To improve the coordination of the motor units do sprints, which demand maximum power. Over time your body learns to better coordinate the firing your motor units to give you more power. When you’re riding throw in two or three short (30 to 60 second) all-out sprints with full recovery between each sprint. Don’t think about your heart rate or power — those are irrelevant, just go as hard as you can. If you want to impress your buddies tell them you’re working on “neuromuscular facilitation.”
7. Increase pedaling economy
You can increase your power and speed by learning to ride with a smooth round stroke. You can improve your pedaling by concentrating on four parts of the stroke:
- Top: Apply power forward, imagining you are pushing your knee forward toward the handlebars.
- Front: Apply power downward.
- Bottom: Apply power backward, with your toes pointed slightly down. Imagine that you are scraping your toes across the floor.
- Back: Don’t try to pull up on the pedal (which is inefficient); rather, just lift your leg so that your other leg doesn’t need to push it up.
Riding a fixed gear bike is the classic way to improve your stroke but may be hard on your knees. Riding on rollers is another great tool—if your stroke is jerky you may find yourself on the floor. Some computerized trainers have programs to help you balance the power of each leg and to develop a rounder stroke. One-legged pedaling on the trainer will improve both your muscle coordination and your functional leg strength. The French have a term for a smooth, round stroke: souplesse. Tell your buddies you’re working on “souplesse” this winter.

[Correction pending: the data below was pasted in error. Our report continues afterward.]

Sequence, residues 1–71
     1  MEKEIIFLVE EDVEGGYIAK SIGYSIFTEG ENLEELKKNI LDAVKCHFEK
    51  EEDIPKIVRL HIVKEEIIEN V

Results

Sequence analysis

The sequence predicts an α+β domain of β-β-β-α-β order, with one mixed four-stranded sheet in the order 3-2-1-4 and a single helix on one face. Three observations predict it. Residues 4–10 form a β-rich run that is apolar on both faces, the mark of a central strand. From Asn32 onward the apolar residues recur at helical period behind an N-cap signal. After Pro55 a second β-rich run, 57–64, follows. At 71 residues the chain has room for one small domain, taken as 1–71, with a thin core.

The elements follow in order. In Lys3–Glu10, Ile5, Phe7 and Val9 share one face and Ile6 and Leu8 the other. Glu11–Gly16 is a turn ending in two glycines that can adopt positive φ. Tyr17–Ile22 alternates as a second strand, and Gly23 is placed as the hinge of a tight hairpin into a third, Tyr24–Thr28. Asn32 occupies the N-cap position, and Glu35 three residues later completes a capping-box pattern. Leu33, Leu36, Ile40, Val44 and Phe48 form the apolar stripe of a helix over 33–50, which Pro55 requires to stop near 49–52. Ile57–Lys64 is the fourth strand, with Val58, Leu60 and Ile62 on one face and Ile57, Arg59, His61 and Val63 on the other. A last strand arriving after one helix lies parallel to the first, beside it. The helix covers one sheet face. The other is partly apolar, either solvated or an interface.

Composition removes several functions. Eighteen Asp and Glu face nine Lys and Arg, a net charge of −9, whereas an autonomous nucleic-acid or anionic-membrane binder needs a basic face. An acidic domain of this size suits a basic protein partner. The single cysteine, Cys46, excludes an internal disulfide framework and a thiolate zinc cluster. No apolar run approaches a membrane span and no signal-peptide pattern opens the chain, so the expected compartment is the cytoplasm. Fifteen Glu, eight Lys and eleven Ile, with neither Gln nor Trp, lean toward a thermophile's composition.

8. Get a bike fit
Bike fit is dynamic. As you change your goals, or get a different bike, or get fitter, or lose flexibility, your correct bike fit changes. I’ve been to the Boulder Center for Sports Medicine many times with clients to have bike fits with Andy Pruitt, one of the leading experts on bike fit. I’ve seen a rider’s power increase by up to 5% just by improving the bike fit!
9. Include resistance (strength) training
General strength training increases the size of your muscle fibers and strengthens your ligaments and tendons. These are the foundation for later more specific hard rides. You can read more in these columns:
10. Resistance training increases longevity
One study followed 100,000 people for 15 years. The researchers found that people who met both the guidelines for moderate-to-vigorous aerobic activity (at least 2:30 a week) and did strength training once or twice a week lived significantly longer than people who did either aerobics or resistance training. You can read more here:
11. Resistance training combats aging
This is important for three fundamental reasons:
- Muscle capacity, to prevent the atrophy of muscles as you age.
- Bone strength, to prevent the loss of bone mass as you age.
- Weight management, as your muscles atrophy from less use, they are replaced by fat and connective tissue